Adjuvant-induced arthritis (AIA) is one of many animal models of rheumatoid arthritis, a disease characterized by a T-lymphocyte and macrophage cellular infiltrate. We have characterized the development of this disease model with respect to chemokine expression. Increased levels of two chemokines, RANTES, a T-lymphocyte and monocyte chemo-attractant, and KC a chemoattractant for neutrophils, were found in whole blood and in the joint. Surprisingly, levels of MIP-1alpha, another T-lymphocyte and monocyte chemoattractant, were unchanged throughout the course of the disease in whole blood and only slightly elevated in the joint. RANTES expression plays an important role in the disease since a polyclonal antibody to RANTES greatly ameliorated symptoms in animals induced for AIA and was found to be as efficacious as treatment with indomethacin, a non-steroidal anti inflammatory. Polyclonal antibodies to either MIP-1alpha or KC were ineffective. This is the first report to show the importance of RANTES in the development of AIA.
The relationship between serum biomarkers and clinical expressions of COPD is limited. We planned to further describe this association using markers of inflammation and injury and repair.
We studied lung function, comorbidities, exercise tolerance, BODE index, and quality of life in 253 COPD patients and recorded mortality over three years. Serum levels of Interleukins 6,8 and16, tumor necrosis factor alpha (TNF α) [inflammatory panel], vascular endothelial growth factor (VEGF), and matrix metalloproteinase 9 (MMP-9) [injury and repair panel] and pulmonary and activation-regulated chemokine (PARC/CCL-18) and monocyte chemotactic protein 1 (MCP-1/CCL2) [chemoattractant panel] were measured. We related the pattern of the biomarker levels to minimal clinically important differences (MCID) using a novel visualization method [ObServed Clinical Association Results (OSCAR) plot].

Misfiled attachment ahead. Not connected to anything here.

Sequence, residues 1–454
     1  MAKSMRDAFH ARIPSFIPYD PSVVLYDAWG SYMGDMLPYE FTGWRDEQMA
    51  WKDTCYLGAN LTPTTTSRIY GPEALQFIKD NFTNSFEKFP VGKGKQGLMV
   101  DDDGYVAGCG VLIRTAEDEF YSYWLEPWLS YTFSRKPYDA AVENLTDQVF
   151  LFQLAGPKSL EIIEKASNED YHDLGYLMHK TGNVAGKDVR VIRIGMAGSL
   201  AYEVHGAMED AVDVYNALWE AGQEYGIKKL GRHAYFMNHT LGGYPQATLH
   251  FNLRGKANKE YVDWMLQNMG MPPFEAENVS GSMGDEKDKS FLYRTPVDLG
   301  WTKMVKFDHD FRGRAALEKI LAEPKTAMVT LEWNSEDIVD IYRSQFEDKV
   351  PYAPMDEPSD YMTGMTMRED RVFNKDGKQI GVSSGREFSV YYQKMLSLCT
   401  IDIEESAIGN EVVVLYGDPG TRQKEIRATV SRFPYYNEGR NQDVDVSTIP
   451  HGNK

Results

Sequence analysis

Levels of the inflammatory markers IL-6, TNF α were higher and those of injury and repair lower (p < 0.01) with more advanced disease (GOLD 1 vs. 4). Using the OSCAR plot, we found that patients in the highest quartile of inflammatory and lowest quartile of injury and repair biomarkers level were more clinically compromised and had higher mortality (p < 0.05).
In COPD, serum biomarkers of inflammation and repair are distinctly associated with important clinical parameters and survival.
Exercise; Inflammation; Phenotypes; Repair; Survival
It is characteristic for virus infections that monocytes/macrophages and lymphocytes infiltrate infected tissue while neutrophils are absent. To understand the mechanisms selectively attracting mononuclear cells in viral diseases, we examined in an influenza A virus model the expression and regulation of chemokines as candidate molecules responsible for the immigration of leukocytes into inflamed tissue. After influenza A virus infection of human monocytes, a rapid expression of the mononuclear cell attracting CC-chemokine genes MIP-1, MCP-1, and RANTES occurred which was followed by the release of chemokine proteins. In striking contrast to CC-chemokines, the expression of the prototype neutrophil CXC-chemoattractants IL-8 and GRO-alpha was completely suppressed after influenza A infection. The release of other neutrophil chemotactic factors was excluded by microchemotaxis assays. These results suggest that the virus-specific induction of mononuclear cell-attracting chemokines accounts for the preferential influx of mononuclear leukocytes into virus-infected tissue.
Herniated disc (HD) is a common health problem that is resolved by surgery unless spontaneous resorption occurs. HD tissue contains abundant macrophage infiltration and high levels of matrix metalloproteinases (MMPs) MMP-3 and MMP-7. We developed a model system in which disc tissue or isolated chondrocytes from wild-type or MMP-null mice were cocultured with peritoneal macrophages and used this system to investigate the role of MMPs and chondrocyte/macrophage interactions in disc resorption. We observed a marked enhancement of MMP-3 protein and mRNA in chondrocytes after exposure to macrophages. Chondrocytic MMP-3, but not MMP-7, was required for disc resorption, as determined by assaying for a reduction in wet weight and proteoglycan content after 3 days of coculture. Surprisingly, chondrocyte MMP-3 was required for the generation of a macrophage chemoattractant and the subsequent infiltration of the disc tissue by proteolytically active macrophages. We conclude that macrophage induction of chondrocyte MMP-3 plays a major role in disc resorption by mechanisms that include the generation of a bioactive macrophage chemoattractant.